Crux brews special lager to honor water worker

Beer an homage to former city employee who kept Bend’s water pure

By Hillary Borrud / The Bulletin / @hborrud


Published Dec 25, 2013 at 12:01AM / Updated Dec 25, 2013 at 06:12AM

Roger Prowell spent more than two decades hiking through Bend’s Bridge Creek watershed, checking for lightning-sparked wildfires and raising awareness of water quality issues among city employees.

As the city’s water quality supervisor, Prowell worked with the U.S. Forest Service to limit recreation inside the watershed to hiking and create a permit entry system to ensure people do not contaminate the water.

Larry Sidor, master brewer at Crux Fermentation Project and Prowell’s friend, said brewers have Prowell to thank for the high quality of city water today. “It’s amazing water to brew with,” Sidor said.

To celebrate Prowell’s work on the watershed, Sidor crafted a special batch of beer called Prowell Springs Pre-Prohibition Lager. On Tuesday, a dozen of Prowell’s family and friends gathered at the brewpub to taste the beer. The Bend City Council took the first step earlier this year to name the city’s drinking water source springs after Prowell, in recognition of his work on the watershed during his 24-year career with the city.

“I do collaborations with other brewers and malt suppliers and hop suppliers,” Sidor said. “I guess, why not honor somebody who’s the single biggest part of your ingredients? And Bend water, at least what comes from Bridge Creek, it’s fantastic water.”

For his part, Prowell said the city’s water is ideal for brewing beer because the quality is consistently high, whether the city is drawing most of its water from Bridge Creek and Tumalo Creek, or from groundwater wells. “There are subtle differences, but slight enough so you don’t have to change the recipe much,” Prowell said. The city diverts water from the source springs on Tumalo Creek down into Bridge Creek where the city water intake facility is located.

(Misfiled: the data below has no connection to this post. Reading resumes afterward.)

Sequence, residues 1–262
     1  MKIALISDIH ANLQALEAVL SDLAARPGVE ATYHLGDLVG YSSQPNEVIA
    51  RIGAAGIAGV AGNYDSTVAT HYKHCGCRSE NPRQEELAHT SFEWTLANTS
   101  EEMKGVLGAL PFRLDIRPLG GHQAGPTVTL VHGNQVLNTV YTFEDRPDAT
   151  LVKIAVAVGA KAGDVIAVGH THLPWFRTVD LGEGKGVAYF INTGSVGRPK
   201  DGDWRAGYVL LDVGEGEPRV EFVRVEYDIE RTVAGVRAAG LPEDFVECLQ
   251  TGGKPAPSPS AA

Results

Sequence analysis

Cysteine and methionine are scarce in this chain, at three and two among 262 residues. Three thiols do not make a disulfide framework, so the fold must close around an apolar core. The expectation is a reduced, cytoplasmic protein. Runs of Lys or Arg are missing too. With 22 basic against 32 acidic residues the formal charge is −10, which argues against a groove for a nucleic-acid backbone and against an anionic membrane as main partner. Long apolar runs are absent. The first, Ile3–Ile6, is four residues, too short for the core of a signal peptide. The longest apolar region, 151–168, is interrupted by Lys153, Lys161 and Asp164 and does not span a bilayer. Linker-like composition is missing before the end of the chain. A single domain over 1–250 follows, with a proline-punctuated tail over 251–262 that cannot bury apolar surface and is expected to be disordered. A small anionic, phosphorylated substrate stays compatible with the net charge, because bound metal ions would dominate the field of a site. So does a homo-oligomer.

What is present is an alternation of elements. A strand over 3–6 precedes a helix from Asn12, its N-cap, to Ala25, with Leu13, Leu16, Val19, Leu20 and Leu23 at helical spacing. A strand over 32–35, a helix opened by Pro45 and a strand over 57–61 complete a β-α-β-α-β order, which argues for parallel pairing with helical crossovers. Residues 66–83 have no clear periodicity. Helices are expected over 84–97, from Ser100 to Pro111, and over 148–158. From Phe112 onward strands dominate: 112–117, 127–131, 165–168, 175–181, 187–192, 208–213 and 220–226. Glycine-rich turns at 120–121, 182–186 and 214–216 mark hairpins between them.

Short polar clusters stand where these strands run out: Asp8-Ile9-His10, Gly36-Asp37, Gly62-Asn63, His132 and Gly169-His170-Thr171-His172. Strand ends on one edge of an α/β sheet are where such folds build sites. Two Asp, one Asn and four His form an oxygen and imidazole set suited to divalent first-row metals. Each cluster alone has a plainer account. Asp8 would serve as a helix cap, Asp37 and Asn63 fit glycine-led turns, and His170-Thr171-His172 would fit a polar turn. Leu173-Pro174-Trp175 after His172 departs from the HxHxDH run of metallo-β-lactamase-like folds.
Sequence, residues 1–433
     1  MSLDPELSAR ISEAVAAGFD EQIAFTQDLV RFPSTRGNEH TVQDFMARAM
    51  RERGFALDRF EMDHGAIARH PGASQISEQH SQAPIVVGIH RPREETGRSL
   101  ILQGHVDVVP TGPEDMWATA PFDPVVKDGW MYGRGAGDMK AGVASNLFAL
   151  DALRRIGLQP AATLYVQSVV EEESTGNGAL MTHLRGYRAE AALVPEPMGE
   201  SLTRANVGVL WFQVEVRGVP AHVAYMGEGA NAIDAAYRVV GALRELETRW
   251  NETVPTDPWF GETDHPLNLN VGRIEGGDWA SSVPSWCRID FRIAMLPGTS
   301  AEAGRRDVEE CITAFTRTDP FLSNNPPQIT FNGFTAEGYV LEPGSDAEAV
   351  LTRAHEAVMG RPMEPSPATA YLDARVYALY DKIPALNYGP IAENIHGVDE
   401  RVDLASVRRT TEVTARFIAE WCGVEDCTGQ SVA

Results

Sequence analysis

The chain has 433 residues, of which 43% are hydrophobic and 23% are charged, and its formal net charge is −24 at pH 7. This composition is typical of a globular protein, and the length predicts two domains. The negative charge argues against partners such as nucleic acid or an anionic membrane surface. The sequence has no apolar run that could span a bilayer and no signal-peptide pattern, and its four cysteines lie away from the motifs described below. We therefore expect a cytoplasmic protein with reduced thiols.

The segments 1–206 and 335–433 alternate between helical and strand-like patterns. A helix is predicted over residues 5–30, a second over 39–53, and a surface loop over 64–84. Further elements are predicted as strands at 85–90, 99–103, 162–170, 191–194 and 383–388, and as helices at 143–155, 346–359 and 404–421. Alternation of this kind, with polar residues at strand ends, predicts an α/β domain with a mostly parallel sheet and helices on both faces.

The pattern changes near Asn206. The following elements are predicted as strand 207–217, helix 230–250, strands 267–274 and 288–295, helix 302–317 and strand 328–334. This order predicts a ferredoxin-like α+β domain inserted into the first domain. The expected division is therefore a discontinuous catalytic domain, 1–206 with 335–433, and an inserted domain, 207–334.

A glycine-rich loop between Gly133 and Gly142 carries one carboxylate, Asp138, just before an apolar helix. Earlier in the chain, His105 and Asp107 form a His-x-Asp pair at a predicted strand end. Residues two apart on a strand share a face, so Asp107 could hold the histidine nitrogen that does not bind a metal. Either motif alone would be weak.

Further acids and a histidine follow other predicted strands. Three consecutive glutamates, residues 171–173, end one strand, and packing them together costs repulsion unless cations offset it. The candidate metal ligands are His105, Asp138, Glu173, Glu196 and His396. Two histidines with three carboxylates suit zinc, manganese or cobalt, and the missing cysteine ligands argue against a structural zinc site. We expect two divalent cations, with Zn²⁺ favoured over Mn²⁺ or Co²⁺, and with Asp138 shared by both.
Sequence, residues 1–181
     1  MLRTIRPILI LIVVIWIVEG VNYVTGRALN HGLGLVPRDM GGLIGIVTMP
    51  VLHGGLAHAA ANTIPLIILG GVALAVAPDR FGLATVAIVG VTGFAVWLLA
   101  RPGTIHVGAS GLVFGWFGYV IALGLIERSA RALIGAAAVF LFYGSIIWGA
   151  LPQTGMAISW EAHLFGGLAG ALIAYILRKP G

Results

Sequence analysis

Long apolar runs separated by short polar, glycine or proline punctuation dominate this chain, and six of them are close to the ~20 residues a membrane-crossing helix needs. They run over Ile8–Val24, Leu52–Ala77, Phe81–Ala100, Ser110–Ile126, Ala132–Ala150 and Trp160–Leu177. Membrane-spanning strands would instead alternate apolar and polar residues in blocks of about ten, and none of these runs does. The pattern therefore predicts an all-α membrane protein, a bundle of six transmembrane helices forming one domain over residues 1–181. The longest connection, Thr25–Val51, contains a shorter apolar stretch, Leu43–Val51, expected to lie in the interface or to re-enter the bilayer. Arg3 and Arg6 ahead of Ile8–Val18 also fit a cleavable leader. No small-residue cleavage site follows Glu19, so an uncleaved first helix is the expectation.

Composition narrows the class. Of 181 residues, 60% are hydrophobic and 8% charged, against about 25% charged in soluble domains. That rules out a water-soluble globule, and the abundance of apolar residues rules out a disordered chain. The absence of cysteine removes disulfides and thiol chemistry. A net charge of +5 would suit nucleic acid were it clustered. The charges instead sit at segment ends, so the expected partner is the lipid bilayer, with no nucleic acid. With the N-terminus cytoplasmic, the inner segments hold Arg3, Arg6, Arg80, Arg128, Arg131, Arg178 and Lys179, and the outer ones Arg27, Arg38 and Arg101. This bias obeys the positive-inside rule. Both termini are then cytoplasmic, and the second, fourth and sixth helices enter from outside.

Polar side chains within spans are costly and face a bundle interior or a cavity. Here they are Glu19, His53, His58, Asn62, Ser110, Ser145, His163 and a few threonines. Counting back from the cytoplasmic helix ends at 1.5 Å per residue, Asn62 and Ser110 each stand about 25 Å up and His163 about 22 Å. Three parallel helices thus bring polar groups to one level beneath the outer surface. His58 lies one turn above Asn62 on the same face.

Prowell, who uses a wheelchair, has an aggressive form of the neurodegenerative disease ALS, or Lou Gehrig’s Disease. ALS affects nerve cells in the brain and the spinal cord and can cause paralysis during later stages of the disease.

Prowell retired from his work with the city in 2008. Sidor was working for Deschutes Brewery when he met Prowell.

“One of the things I do when I am in a municipality, I try to get to know all the shakers and movers and things that affect the company I’m with,” Sidor said.

He frequently ran water quality tests, and “I got to know Roger from that, because I think he wanted to know, ‘Who is this guy asking all the questions about the water?’”

When Sidor called Prowell to pitch the idea of a special beer earlier this year, Prowell requested a lager. Sidor said lager is the perfect type of beer to highlight the pristine water from the city’s source springs.

Sidor began brewing the beer in early November. He waited until the city was drawing nearly all its water from Bridge Creek and Tumalo Creek in order to maximize the amount of spring water in the beer. But Sidor also knew that because of Prowell’s ALS, he needed to brew the beer quickly.

“I was in a real hurry to get it out there, so Roger could test it,” Sidor said. He plans to bottle some of the beer and create labels based on a painting of the springs that Prowell likes.

In addition to city water, Sidor used corn and barley to brew Prowell Springs Pre-Prohibition Lager. It’s a traditional recipe, similar to what German immigrants began brewing in the United States in the early 1800s. “I brewed beer you probably could have bought 100 years ago in the U.S.,” Sidor said. “And the biggest thing is, it showcases the water.”

Prowell said he also has many people to thank. In addition to his family, Prowell said his friend Spencer Cashwell and hospice nurse Melinda Carr helped him to remain happy in recent months as he has lived with ALS. At Crux Fermentation Project on Tuesday, Prowell proposed a toast, “in recognition of Crux brewery, as makers of excellent beer and for all the springs Mother Nature gave us high in the Cascades that provide this water. And you know, good people blend with good water. That’s been my experience in my life.”

— Reporter: 541-617-7829, hborrud@bendbulletin.com